single-shot voting.19 The 6,200-person increase to the district sizes that resulted from changing to
the 6–2 map and plan is also dilutive.20
The record also clearly supports finding and concluding that Anglo voters consistently
oppose Latino preferences in Pasadena City Council and other elections by voting as a bloc. In the
citywide vote on Proposition 1 to create the 6–2 map and plan, Latinos opposed the measure by
99.6%. But 60% of Anglo voters approved the measure, which passed. In Oscar Del Toro’s race
in at-large Place H against an Anglo opponent, Mr. Del Toro had 87.3% of the Latino votes but
71.7% of the Anglo vote went to his Anglo opponent, who won. In the at-large Place G race, Pat
Van Houte, the Latino-preferred candidate and incumbent Council member, received 70.6% of the
See Part II.C. above.
See Part II.E.4. above.
Latino vote but 41.6% of the Anglo vote went to her Anglo opponent. She won by only 143 votes
out of 4,152 votes cast.21
The Anglo voting patterns established on this record do not avoid a finding and conclusion
of dilution, as the City argues. To the contrary, the record clearly shows that Pasadena’s Anglo
voters usually vote as a bloc to defeat Latino-preferred candidates and policies. When a Latinopreferred candidate does win in a district that is not a Latino-majority district, it is because of
serendipitous factors—such as incumbency and an Anglo-sounding last name (Cody Ray Wheeler’s
victory in 2015 in District D), or the pairing of two Anglo candidates and incumbency (Ms. Van
Houte’s narrow victory in at-large Place G in 2015). See Gingles, 478 U.S. at 76 (“Where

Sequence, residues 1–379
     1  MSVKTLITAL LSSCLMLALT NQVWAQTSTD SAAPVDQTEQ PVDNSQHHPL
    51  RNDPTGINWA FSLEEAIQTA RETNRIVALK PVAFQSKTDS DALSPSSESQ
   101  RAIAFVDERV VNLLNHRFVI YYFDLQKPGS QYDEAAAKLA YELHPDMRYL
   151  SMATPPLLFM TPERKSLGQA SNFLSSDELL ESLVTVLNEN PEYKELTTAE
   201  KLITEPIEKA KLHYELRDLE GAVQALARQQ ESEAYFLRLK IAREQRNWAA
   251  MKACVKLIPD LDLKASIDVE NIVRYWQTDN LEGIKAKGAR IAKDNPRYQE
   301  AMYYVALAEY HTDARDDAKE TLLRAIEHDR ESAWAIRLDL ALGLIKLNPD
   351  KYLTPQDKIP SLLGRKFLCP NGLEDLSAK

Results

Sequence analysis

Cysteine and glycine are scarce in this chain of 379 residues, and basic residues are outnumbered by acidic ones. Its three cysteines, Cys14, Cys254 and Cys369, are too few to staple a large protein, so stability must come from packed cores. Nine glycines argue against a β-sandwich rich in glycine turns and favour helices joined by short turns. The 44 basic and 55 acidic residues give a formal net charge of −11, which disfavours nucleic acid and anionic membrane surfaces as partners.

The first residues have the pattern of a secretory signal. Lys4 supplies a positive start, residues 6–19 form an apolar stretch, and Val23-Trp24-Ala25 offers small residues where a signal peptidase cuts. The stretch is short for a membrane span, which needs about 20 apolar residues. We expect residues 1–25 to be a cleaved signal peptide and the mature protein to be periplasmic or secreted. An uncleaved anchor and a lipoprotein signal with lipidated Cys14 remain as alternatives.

multimember [i.e., at-large] districting generally works to dilute the minority vote, it cannot be
defended on the ground that it sporadically and serendipitously benefits minority voters.”).
The Gingles test looks to whether “the white majority votes sufficiently as a bloc to enable
it—in the absence of special circumstances, . . . usually to defeat the minority’s preferred candidate.”
Gingles, 478 U.S. at 51 (emphasis added). The City relies on two successful races of Latinopreferred candidates to defeat finding dilution. Both races clearly involved special circumstances
that prevented the defeat of the Latino-preferred candidate. In both the 2015 District D and Place G
races, the Latino-preferred candidate was an incumbent with an Anglo surname—Mr. Wheeler and
Ms. Van Houte. In the same election, the at-large Latino-preferred candidate with a Spanish
surname, Oscar Del Toro, lost with 71.7% of Anglo voters in opposition. Both parties’ experts
testified that Mr. Wheeler and Ms. Van Houte needed a large share of Anglo crossover voting to win
their seats. The evidence shows that both earned that share in part because of their incumbency and
See Part II.E.5. above.